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Henry Moore’s ‘Old Flo’ returning to east London after 20-year Yorkshire ‘exile’

PUBLISHED: 09:31 27 September 2017 | UPDATED: 08:41 26 October 2017

Henry Moore (inset) and his 'Draped Seated Woman',’ or 'Old Flo'. Pictures: Henry Moore Foundation and Tim Archer

Henry Moore (inset) and his 'Draped Seated Woman',’ or 'Old Flo'. Pictures: Henry Moore Foundation and Tim Archer

Henry Moore Foundation/Tim Archer

Henry Moore’s treasured ‘Old Flo’ sculpture has finally begun its journey back to east London after 20 years in ‘exile’ in Yorkshire and a four-year legal battle over who owns it.

Old Flo's original home in 1962 outside Wickham and Ewhurst tower blocks at Stepney's now-demolished Stifford Estate. Picture: ELA archive Old Flo's original home in 1962 outside Wickham and Ewhurst tower blocks at Stepney's now-demolished Stifford Estate. Picture: ELA archive

The one-and-a-half tonne bronze sculpture was lifted off its plinth by a crane at the Yorkshire Sculpture Park yesterday, where it had been in safe keeping since 1997 after demolition of Stepney’s Stifford housing estate where it had been for 35 years.

It goes on public display at its new permanent home at Canary Wharf’s Cabot Square next month, after renovation work.

Moore sculpted his ‘Draped Seated Woman’ in 1957 and sold it to the London County Council at cost price as “a gift for the working people of Stepney” to be erected at the new estate in 1962.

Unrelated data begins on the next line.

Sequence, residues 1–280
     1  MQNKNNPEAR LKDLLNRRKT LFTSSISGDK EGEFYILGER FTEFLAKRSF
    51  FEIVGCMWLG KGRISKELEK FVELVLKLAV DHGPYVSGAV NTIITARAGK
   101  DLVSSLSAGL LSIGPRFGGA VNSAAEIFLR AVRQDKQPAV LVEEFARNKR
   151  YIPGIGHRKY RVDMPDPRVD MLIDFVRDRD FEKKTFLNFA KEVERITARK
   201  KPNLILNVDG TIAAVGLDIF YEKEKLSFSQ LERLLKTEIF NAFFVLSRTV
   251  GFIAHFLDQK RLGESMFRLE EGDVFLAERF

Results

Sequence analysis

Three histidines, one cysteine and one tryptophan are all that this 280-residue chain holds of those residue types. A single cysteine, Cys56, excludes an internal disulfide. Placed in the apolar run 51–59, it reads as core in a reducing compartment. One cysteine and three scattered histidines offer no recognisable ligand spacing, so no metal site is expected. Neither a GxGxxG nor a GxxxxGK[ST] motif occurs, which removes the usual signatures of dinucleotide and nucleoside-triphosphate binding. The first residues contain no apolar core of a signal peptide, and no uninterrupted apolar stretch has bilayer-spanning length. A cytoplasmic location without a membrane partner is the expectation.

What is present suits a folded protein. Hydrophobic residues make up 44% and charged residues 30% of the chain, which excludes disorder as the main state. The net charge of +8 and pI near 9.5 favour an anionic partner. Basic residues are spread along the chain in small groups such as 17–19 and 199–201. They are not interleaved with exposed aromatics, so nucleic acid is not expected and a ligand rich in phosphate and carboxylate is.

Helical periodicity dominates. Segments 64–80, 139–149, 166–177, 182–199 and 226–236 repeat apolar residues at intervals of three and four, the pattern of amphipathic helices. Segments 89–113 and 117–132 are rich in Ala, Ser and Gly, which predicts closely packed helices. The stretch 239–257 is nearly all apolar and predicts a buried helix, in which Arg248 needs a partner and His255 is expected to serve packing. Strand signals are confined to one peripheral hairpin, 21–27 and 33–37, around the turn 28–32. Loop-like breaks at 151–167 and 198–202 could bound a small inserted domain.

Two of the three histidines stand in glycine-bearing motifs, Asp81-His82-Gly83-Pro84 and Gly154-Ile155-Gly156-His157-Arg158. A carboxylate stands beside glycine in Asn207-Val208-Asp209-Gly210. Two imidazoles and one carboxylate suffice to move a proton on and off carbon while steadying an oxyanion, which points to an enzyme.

The journey back started in 2009 when Tower Hamlets former councillor Tim Archer discovered its whereabouts on a visit to Yorkshire Sculpture Park and began a campaign for its return.

Old Flo's temporary stay in Yorkshire Sculpture Park where it languished since 1997. Picture: Henry Moore Foundation Old Flo's temporary stay in Yorkshire Sculpture Park where it languished since 1997. Picture: Henry Moore Foundation

But controversy erupted when ex-Tower Hamlets mayor Lutfur Rahman put it on the open market in 2012 for £20 million hard cash, which led to protests from the art and heritage world with leading figures like film producer Danny Boyle and Henry Moore’s own daughter Mary Moore.

The issue was even raised in Parliament, forcing Tower Hamlets to withdraw the “fire sale”.

Its ownership was challenged by Bromley Council as “the rightful keeper” of assets held by the London Residuary Body after the Greater London Council, which had taken over from the LCC, was abolished in 1986—despite records showing ‘Old Flo’ was a gift to east London by Moore in 1962.

The Appeal Court finally ruled last year that ‘Old Flo’ belongs to Tower Hamlets Council and the people of east London.

The new mayor, John Biggs, pledged to get it returned and put on permanent public show.

“Old Flo is finally on its way back home to the people of the East End,” he said.

“The previous Mayor tried to sell Old Flo, a decision which I reversed.

“This is an important part of our cultural heritage, so we have a duty to look after it somewhere safe.”

‘Old Flo’ was outside Wickham and Ewhurt tower blocks in Jamaica Street until the Stifford estate was demolished in 1997 and was transported to Yorkshire. Now it is coming home after two decades languishing in a country field.

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